During a patient's hospital stay, the staff aim to:

  • Replace lost fluids and restore them to a normal level
  • Reduce the acid condition of the blood by eliminating ketones
  • Restore substances such as potassium
  • Return blood glucose to its normal range of 80 to 120mg/dl

Lab tests

The numerous tests that are taken serve a number of purposes. Scientifically speaking, tests are run to measure blood glucose, blood gases, serum electrolyte and creatinine concentrations, and serum osmolality, i.e. the concentration of substances such as sodium, chloride, potassium, urea, glucose, and other ions in blood.(Thanks to Anne Hekkala, Mikael Knip, and Riitta Veijola at Oulu University Hospital, Finland for this information.)

Also, at diagnosis, height and weight are measured, and relative weight for the child's height (in percent). Using this information, Oulu University Hospital found that at time of diagnosis, the mean estimated decrease in relative weight for height was 6.9 percent. The mean duration of T1DM symptoms before diagnosis was 20 days, (ranging up to 168 days at the extreme end.)

In the Oulu University Hospital Study, about one-third of the children were treated with intravenous insulin, while the others received insulin subcutaneously.

Some patients with mild DKA recieved insulin treatment after an initial observation period of one to two days.

The length of hospitalization varied from zero to 43 days

Two weeks in hospital

Maja stayed in hospital for two weeks. She even did her schoolwork there. After the nurses had taken a lot of tests, a doctor told me, 'It can't be anything other than diabetes but don't worry, you are going to be fine.' Actually, he had a good idea it was diabetes before all the tests results came out it, but he wanted to be absolutely sure before he told me.

After a while, she given glucose in the intravenous fluids. It can happen after the initial treatment with IV insulin that blood glucose may drop toward hypoglycemia, in which case glucose is given. Potassium can also be added to the IV if blood tests show its level has fallen too low.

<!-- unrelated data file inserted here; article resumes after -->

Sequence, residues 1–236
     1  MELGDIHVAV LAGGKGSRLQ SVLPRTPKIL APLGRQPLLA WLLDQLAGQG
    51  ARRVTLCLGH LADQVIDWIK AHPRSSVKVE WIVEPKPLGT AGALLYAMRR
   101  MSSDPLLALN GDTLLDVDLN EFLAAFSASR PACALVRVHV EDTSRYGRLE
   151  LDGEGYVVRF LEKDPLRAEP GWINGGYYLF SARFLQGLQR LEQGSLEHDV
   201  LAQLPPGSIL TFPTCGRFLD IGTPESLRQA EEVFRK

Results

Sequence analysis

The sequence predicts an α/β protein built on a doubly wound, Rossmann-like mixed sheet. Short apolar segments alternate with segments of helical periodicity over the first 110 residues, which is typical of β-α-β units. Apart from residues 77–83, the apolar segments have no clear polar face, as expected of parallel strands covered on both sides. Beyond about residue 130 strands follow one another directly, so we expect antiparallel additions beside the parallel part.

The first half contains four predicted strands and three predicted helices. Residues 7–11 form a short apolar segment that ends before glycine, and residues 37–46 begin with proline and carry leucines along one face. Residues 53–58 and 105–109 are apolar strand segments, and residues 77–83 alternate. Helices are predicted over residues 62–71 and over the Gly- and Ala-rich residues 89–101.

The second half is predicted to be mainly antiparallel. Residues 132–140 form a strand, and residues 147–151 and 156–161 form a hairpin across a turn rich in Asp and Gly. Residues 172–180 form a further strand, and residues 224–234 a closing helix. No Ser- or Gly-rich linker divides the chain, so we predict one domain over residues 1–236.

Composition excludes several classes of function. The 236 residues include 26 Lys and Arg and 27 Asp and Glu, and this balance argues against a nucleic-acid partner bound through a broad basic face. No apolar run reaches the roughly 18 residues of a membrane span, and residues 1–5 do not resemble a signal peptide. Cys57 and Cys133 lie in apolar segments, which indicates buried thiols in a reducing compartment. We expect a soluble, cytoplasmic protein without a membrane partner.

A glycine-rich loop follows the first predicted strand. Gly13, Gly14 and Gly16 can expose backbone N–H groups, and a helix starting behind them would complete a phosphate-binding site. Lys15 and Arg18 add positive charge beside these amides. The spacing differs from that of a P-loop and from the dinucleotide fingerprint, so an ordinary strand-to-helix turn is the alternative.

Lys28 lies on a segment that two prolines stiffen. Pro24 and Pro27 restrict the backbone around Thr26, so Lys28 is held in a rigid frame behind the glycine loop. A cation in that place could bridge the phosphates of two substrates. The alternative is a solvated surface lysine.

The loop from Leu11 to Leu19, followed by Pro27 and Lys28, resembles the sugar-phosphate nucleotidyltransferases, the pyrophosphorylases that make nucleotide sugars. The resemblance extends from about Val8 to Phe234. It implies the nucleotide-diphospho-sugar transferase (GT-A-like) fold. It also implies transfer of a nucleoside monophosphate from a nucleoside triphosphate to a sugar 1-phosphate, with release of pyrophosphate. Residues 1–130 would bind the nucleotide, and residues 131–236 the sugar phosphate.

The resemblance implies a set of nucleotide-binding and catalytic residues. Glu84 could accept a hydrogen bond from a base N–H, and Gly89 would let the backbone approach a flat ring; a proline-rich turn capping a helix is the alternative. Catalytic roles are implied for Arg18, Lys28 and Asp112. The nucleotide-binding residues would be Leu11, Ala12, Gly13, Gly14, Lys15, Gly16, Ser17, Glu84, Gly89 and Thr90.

Insulin treatment

Nurses and doctors explained to Maja that she would have to take insulin for the rest of her life. A nurse showed me how to self-inject by doing it on herself. She used saline solution, not insulin.

Maja did not mind injecting herself. It's quite simple and not painful. I was told I'd have to inject myself in the abdomen, in the belly, with fast-acting insulin before every meal. And I'd have to inject in my leg once a day with a long-acting insulin called Lantus.

During her hospital visit, she met with nurses, doctors, and a dietician, who explained type one diabetes to her, including what she and her family needed to do to make life as normal as possible.

Maja says, In the beginning it wasn't difficult or bothersome at all. My body was still producing insulin. Once in a while I could eat things without taking insulin. In the beginning, I felt special but it got more difficult after about a year. Then I became fed up with the injections and blood tests. I wished I could do something to get rid of the diabetes.

Honeymoon period

The honeymoon period, as they called it, when it was interesting and almost fun to have diabetes, lasted about six months. During that time, not all insulin-producing beta cells have been destroyed. In many cases, but not all, insulin treatment allows the beta cells to recover and produce some amount of insulin.

When the honeymoon period was over, explains Maja, I had to take more insulin and take more responsibility for myself because my body was not producing insulin anymore. I knew I needed to be as good as possible at looking after myself. I was the only one who would suffer if I didn't take my diabetes seriously.

By David Hay Jones, who interviewed his daughter Maja